Santa Fe Style Meets Costco Alfresco Dining

The House is On the Move.

Staying Close to Home has given me an opportunity to evaluate how we live in these spaces and what we can do to change it all up.   Without Spending any Money.

Moving Furniture.  Flip Flopping Spaces.

Utilizing All the Square Footage of this Home is the Goal.

Having Fun and Getting New Perspectives is the Outcome.

So on a Warm, but Not Yet Crazy Hot Sunday Morning…We Flipped and Flopped the House.

The Culprit for the Moves is an Enormous Wood Dining Table with Lazy Susan Top.

60 Inch Diameter.  Heavy.  Round.  Turned Legs.  Formal meets Rustic.

A Table that for Years Sat proudly in the Great Room.  Doing Nothing.

For a time it was the Holiday Table.  But Even that Changed.

The Good Question is Why…the Answer is Simple.

The Table is Just Too, Too Big.

Not Too Big for the Space, but Too Big for Enjoyable Conversations.

Talking across the Great Divide was Near Impossible.

So in a Nod to the Essence of Santa Fe Style, the Table Moved Outdoors.

I laughed.  I have officially become part of a long line of New Mexico residents ready to change up their home and Move Out with the Old (literally) and In with the New.

Historically, Moving wood furniture outside is how Classic Santa Fe Style got started.

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A Snippet of a Santa Fe Style History Lesson…

From the 1600’s to the turn of the century, Santa Fe Wood furniture was painted bright colors.  Modern Mexican folk art colors – Prussian blue, vermilion, chrome yellow.  And all the furniture was handcrafted.  That worked for over 300 years.  But in the late 19th century, Santa Fe began to receive goods from the East Coast by the new railroad.

Image result for history of santa fe painted furniture faded colors


New Mexicans could buy household goods from mail-order catalogues and no longer had to have furnishings handmade locally.  So they put their old furniture out on the front porch, or in the barn, or sometimes left it in the open. The harsh climate quickly bleached the bright paints, leaving faint smudges of blue or red on bare wood.  When travelers from the East Coast traveled to Santa Fe, they were charmed by the faded, chipped painted wood furniture.

And Santa Fe Style was Born.

Image result for history of santa fe painted furniture faded colors

The Rest of Our House Flip Flopping was Easy…

The Turquoise Painted Work Horse of a Table…

Flipped to the Great Room.  Smaller and Cozy for more intimate dining.

Flanked by 6 Black Ladder Back Chairs…

Under a Round Ring Candle Chandelier.

More Changes…Now from Outdoors to In.

An Ancient Narrow Church Door Table with Black Wire Legs that Sat Outdoors…

Moved Back In to the Tiny Dining Nook.  4 Slat Back Chairs.

Topped by my favorite Florida Gulf Coast Shell Lamp.

The Table Top needs refinishing, but I Love the Mid-Century Legs.

With the Flips and Flops Done, Time for By-the-Blow-Up Pool Dining.

Rotisserie Chicken.  Mac and Cheese.  French Green Beans.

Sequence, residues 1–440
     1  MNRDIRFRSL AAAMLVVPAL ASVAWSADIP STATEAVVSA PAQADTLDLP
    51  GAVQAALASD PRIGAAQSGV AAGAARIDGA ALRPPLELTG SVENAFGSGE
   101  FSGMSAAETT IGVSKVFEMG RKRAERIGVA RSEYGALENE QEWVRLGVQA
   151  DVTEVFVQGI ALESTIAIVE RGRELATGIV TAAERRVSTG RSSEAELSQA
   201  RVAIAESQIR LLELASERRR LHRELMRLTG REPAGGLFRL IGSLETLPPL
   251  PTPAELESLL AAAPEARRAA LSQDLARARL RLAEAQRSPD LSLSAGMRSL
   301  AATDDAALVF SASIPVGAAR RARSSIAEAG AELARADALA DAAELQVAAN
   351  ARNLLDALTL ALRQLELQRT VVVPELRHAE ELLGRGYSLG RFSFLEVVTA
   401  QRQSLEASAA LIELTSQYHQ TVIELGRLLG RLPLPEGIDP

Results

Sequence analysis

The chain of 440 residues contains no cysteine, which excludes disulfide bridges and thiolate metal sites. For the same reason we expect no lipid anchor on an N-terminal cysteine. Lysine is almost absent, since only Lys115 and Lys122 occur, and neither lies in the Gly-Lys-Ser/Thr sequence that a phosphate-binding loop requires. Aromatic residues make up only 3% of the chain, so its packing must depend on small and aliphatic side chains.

$15.99 Dinner for a Family of 4.  Thank You Costco.

Popped on the Grill in Foil Tins to Warm.   No Kitchen Cooking.

Gathering Round the Table Under a Canopy of Elms is Perfect…

And Filled to Overflowing with Santa Fe Style Magic.

Let the Wood Finish Fading Begin.

I know, I’ve really lost it now.  I’m chalking it up to the Heat or maybe Cabin Fever.

But Change is Good for the Soul.  🙂

10 thoughts on “Santa Fe Style Meets Costco Alfresco Dining

  1. Terrific post! I’ll bet Mr. Doodle was exhausted after all this! First, the windows in your home, with everything lit, are magic. All the tables are great! Is that the table that I remember in #58? Second, thanks for the history of Santa Fe style. I didn’t know about its evolution. Again, just a magic post! Keep ’em coming!

    1. Haa…you’re right Suzee…he was ready for a nap…but it’s done and we’re learning to adjust in the new spaces. And yes, that church door table was in #58 many moons ago….I had to replace the cottonwood legs with the wire ones but it just keeps on going. Next up sand paper for the door top, but that will have to be done inside…moving it back outside will be too much to ask. 🙂

  2. How wonderful to live in a climate where you can move wood furniture outdoors and it won’t get poured on! And it looks terrific that way. In fact, all the tables do. I didn’t know about Santa Fe style, either, but it makes loads of sense. A fascinating post.

    And by the way, the dinner looks to die for!

  3. Thanks Jeanie…eating at that grand table outside is great, but I can hear my mother tsk-tsking about how much was spent on the table to now leave it outdoors. But yes, the dry climate does has its perks.

  4. I didn’t know the history behind Sante Fe styling. That was very interesting. I would love to do this kind of outdoor decorating, but sadly our climate would be brutally unkind to any kind of wood.

    I really like the entire scene with the 4-drawer dresser.

    1. Thanks Joanne…I know the Southwest climate is different than most other places…the old hot and dry…but it’s a DRY HEAT…I have had second thoughts about leaving the fancy table outside..but oh well…it’s all just stuff. 🙂

  5. It never ceases to amaze me how sometimes just rearranging things in a room makes the whole place have a difference perspective. I LOVE that table. Gorgeous, even if it IS big! Well done!

    1. Thanks Calen…I was going to put the table on Craigslist to sell/give away but once it was outside I realized we should use it for as long as it will hold up…and that’s how an outdoor table was born. 🙂

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